There has been a noticeable increase in investors’ and property owners’ PropTech products. In 2019, it is expected that we will see more companies moving quickly to pilot on a product. Naturally, if the product demonstrates ROI, they will implement it more widely. Moving into 2019, the DNA of Real Estate Tech is changing. In the past, PropTech startups were often started by Real Estate professionals who saw pain points in the industry that could be addressed by technology. We are now starting to see seasoned tech entrepreneurs building companies focused on the CRE industry because they see an enormous market opportunity.

We will continue to see an influx of high-level technology talent entering the PropTech world that will help accelerate the pace of innovation. AI and machine learning applied to the vast amount of real estate data will begin to show value. New technology products aim to make sense out of all the data and provide property owners and occupiers with valuable insights. For example, Skyline AI leverages proprietary artificial intelligence to source, analyze, acquire and manage institutional-grade property investments.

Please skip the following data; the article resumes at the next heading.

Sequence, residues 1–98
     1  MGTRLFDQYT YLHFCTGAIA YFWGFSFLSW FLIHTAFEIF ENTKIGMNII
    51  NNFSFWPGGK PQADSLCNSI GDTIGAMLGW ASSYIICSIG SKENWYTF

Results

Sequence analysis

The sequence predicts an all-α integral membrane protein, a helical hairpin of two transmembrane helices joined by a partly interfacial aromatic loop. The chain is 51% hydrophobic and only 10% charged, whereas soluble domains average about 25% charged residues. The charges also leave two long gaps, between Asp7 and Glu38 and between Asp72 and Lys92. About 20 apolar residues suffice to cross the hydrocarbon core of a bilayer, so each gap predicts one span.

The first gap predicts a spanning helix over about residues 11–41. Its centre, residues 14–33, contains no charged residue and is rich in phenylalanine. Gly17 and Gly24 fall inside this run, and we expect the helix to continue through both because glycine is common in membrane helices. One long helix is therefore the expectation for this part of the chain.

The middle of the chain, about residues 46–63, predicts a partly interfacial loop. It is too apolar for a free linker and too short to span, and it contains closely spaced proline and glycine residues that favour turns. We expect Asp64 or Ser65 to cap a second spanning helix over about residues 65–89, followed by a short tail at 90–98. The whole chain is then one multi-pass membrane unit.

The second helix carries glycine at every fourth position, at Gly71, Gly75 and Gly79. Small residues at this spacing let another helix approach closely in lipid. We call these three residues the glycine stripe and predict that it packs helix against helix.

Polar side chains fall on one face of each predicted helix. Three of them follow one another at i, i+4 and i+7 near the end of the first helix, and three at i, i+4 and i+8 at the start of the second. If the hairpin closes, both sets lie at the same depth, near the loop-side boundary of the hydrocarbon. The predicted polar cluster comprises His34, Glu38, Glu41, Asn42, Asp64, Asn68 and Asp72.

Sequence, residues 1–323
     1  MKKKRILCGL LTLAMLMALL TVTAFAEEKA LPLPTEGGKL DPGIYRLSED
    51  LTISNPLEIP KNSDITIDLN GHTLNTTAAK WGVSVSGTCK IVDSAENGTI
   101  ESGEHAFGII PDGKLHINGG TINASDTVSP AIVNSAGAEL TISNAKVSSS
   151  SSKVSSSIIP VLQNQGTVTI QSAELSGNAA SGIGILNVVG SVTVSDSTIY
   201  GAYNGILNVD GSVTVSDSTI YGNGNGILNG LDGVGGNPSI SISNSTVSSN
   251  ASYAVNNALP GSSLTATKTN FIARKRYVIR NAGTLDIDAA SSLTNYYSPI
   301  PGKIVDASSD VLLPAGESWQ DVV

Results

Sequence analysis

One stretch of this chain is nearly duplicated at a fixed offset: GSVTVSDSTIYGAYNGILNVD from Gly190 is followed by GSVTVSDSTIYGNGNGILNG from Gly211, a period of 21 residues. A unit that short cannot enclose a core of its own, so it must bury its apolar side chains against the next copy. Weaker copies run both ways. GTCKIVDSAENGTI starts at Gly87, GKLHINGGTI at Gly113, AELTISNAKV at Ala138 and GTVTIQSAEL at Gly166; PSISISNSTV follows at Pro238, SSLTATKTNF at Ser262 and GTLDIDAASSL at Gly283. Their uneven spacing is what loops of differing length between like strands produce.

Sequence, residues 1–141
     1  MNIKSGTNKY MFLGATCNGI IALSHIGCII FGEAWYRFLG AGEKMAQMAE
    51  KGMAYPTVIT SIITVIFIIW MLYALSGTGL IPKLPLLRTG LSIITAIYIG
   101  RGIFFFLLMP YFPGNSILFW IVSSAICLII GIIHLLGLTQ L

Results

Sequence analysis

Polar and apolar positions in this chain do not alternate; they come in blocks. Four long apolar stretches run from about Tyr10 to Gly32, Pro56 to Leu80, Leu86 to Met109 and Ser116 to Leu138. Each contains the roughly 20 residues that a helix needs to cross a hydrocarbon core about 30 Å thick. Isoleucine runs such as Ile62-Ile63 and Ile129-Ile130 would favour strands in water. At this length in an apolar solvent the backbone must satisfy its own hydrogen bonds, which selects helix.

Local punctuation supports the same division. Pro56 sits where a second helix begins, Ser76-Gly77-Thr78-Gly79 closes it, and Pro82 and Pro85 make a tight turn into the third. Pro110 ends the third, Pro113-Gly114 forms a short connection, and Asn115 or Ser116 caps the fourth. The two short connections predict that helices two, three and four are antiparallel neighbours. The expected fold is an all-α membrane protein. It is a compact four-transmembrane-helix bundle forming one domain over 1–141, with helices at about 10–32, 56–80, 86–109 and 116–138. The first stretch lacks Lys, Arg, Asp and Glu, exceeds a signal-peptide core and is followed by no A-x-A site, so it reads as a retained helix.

In 2019, it is expected that mobile applications that enhance the experience of those who work in commercial office buildings by providing easy access to the building and to a variety of in building and local services will have a major surge. All in all, the changing DNA of PropTech startups, the rise in the utility of AI-Driving products, as well as the demand to improve the tenant experience with technology are some of the many positive trends that will drive the adoption of new products in this category in 2019.

Read more on PropModo.

What Asset Managers Want was recently covered by Commercial Property Executive:

There are many ways property managers can add value to their colleagues in asset management. First and foremost, asset managers are looking for property managers to understand the investor’s strategy. If a property manager can speak the language of finance and real estate management, it helps lend credibility to themselves. It is important for a property manager to grasp the client’s investment strategy.

Since creativity is another prized quality, asset managers look for the value property managers can add by providing market insight such as the granular, on the ground knowledge that extends beyond generic third-party reports. Usually, asset managers need property managers to transform data into actionable information.